PHOENIX - Proponents of a dedicated 1-cent state sales tax add-on, mainly to fund education, say the estimated $1 billion it would raise annually is needed because the Legislature has so short-changed education in recent years, even in the face of new mandates.

For example, organizer Ann-Eve Pedersen said at a news conference Tuesday, the state will soon require that students read at a third-grade level before being promoted to fourth grade. But she complained the Republican-controlled Legislature shorted the $50 million request to fund the requirement by $10 million and refused to promise ongoing finances.

But even with the dire need for education funding, backers of the tax defended setting aside 10 percent of money that would be raised for road construction. Current projections put the roads share at about $100 million a year.

Pedersen said the funding is justified. She said economists like Dennis Hoffman of Arizona State University say the "two main things" the state needs to be competitive are investments in education and transportation infrastructure.

"If you want the economy to really rebound and be healthy, that's where you make your two primary investments," she said.

In a separate interview, Hoffman said while both education and transportation are important, there are other crucial factors, including energy, water supply and an advanced telecommunications network, and he would not specifically list education and infrastructure as the top two. As far as the proposition goes, Hoffman said he is not taking a position.

Pedersen also cited a statement by economist Lee McPheters in the Arizona Capitol Times earlier this year that "having the most incentives or the lowest taxes is not as important to Arizona's economic future as having strong education and transportation infrastructure." McPheters is director of the JP Morgan Chase Economic Outlook Center at ASU's W.P. Carey School of Business.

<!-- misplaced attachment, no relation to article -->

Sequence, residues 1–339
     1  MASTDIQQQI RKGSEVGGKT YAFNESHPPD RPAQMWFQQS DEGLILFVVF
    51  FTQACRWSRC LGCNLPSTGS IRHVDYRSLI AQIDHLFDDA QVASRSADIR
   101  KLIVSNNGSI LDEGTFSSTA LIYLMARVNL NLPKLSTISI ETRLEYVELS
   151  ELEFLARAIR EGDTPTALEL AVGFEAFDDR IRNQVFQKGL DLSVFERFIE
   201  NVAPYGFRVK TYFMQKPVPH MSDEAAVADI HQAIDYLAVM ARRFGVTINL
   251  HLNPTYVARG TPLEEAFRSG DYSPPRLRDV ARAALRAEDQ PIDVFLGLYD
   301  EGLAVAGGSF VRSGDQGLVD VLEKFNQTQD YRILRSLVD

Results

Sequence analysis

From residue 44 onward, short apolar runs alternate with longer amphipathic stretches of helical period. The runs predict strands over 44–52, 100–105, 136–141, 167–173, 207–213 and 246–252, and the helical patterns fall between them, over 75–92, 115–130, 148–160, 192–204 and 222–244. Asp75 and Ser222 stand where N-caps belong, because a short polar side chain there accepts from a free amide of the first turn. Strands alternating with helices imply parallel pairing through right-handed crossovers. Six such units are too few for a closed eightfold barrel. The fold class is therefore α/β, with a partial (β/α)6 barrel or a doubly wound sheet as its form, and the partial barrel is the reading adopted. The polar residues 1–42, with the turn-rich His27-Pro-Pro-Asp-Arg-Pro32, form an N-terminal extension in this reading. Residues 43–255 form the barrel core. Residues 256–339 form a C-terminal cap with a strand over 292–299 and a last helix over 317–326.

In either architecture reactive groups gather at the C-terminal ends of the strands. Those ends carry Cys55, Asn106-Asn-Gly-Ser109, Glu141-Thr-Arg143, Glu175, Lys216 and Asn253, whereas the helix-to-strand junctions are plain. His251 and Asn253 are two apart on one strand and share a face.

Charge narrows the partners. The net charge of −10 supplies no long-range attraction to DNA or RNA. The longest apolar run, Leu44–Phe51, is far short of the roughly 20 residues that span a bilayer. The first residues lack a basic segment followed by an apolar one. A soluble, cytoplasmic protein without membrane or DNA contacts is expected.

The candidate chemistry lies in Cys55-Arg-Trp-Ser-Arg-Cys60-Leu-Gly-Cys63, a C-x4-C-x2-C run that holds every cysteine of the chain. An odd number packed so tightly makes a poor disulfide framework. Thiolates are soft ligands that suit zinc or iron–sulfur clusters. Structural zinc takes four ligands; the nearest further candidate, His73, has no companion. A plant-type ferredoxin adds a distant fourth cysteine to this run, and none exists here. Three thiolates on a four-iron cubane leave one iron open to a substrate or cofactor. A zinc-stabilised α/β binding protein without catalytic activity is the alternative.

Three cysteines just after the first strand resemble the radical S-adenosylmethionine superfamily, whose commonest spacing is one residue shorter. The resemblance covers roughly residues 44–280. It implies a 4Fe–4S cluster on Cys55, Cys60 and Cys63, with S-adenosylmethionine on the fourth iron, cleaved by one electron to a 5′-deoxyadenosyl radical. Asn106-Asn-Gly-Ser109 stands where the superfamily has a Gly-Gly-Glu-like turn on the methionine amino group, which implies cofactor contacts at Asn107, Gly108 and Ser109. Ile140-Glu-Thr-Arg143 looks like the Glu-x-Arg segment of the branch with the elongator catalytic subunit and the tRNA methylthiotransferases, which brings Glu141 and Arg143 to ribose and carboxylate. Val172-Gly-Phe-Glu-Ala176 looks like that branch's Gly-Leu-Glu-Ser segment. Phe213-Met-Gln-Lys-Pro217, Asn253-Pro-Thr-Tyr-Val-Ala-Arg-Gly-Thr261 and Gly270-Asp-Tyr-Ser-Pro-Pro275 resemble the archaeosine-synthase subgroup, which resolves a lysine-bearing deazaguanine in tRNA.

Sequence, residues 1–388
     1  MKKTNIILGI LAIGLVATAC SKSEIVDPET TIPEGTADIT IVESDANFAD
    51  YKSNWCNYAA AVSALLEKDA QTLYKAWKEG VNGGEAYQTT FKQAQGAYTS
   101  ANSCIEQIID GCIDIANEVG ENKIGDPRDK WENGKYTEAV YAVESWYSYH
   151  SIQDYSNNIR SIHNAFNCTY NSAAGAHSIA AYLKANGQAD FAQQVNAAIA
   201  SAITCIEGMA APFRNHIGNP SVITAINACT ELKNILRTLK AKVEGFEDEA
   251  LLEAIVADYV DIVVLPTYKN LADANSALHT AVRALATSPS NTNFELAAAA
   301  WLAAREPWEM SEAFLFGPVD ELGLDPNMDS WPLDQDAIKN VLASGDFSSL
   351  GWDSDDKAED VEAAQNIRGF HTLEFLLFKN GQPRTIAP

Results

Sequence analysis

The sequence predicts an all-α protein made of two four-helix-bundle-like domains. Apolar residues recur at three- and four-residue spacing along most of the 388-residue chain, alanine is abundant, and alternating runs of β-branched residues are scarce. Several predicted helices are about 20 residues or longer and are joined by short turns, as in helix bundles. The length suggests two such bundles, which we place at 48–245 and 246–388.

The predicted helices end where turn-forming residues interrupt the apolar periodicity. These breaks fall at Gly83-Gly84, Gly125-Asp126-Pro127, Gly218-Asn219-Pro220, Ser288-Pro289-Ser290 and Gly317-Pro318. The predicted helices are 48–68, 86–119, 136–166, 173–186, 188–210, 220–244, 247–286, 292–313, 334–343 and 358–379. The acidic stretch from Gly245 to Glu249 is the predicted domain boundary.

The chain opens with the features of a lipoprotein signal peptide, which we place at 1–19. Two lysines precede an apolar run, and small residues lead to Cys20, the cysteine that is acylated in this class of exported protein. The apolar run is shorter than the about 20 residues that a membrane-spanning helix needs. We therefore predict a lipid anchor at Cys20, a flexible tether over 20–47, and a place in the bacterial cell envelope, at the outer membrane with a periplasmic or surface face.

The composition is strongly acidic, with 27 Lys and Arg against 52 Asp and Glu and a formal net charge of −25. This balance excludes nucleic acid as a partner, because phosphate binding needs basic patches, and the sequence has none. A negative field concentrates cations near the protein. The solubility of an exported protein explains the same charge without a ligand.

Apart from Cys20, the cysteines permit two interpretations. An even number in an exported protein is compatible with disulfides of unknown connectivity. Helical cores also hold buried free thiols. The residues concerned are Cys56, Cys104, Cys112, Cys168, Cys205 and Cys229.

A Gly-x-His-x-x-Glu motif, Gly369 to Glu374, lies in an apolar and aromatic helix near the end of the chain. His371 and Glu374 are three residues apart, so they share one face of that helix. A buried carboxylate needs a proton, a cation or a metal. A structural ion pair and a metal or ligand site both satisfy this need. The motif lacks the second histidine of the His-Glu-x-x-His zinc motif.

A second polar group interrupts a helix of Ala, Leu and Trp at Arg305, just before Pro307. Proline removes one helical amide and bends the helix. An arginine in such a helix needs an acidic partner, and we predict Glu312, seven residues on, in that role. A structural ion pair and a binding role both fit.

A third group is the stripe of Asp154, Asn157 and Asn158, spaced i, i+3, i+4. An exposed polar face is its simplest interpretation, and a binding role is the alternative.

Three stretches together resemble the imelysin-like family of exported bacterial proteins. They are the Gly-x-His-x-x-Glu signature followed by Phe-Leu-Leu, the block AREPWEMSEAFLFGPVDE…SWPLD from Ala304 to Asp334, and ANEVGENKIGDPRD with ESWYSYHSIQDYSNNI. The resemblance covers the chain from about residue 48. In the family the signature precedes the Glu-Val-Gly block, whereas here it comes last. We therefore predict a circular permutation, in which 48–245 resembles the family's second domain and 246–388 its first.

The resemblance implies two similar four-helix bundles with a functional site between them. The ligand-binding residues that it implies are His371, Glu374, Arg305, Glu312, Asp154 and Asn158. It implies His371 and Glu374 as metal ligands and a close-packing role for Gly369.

Construction companies are the largest single source of money to fund the collection of signatures and persuade voters to support the initiative. Pedersen said there is no connection between the contributions and the dedication of 10 percent of the money to roads.

More than a third of the money raised by initiative backers has come from We Build Arizona, a group of major contractor organizations, which has kicked in $357,000 of the approximately $945,000 raised to date.

That does not include $50,000 given early in the campaign by John Whiteman whose family owns Empire Southwest, a major seller and renter of construction equipment, or $25,000 from the Arizona chapter of Associated General Contractors.

Pedersen said business backing of the initiative goes even deeper, citing $50,000 from Greater Phoenix Leadership and an identical amount from the Southern Arizona Leadership Council.

She said education and roads share a common problem at the state level, in that, "The Legislature has been raiding both. They're not funding either."

Phil Oliff, a policy analyst for the Center on Budget and Policy Priorities said his study verifies the severity of the funding cuts. When inflation is taken into account Arizona has cut more state funding for education in the last five years than anywhere else. Oliff put the inflation-adjusted loss at 21.8 percent; he said the median decline for all states is closer to 9.4 percent.

For the past year, however, Oliff acknowledged current funding, when adjusted for inflation, shows no loss from last year.

The initiative, if approved, would create a permanent one-cent surcharge on the state's current 5.6 percent sales-tax rate. It is designed to take effect June 1, the day after a temporary 1-cent levy approved by voters in 2010 expires.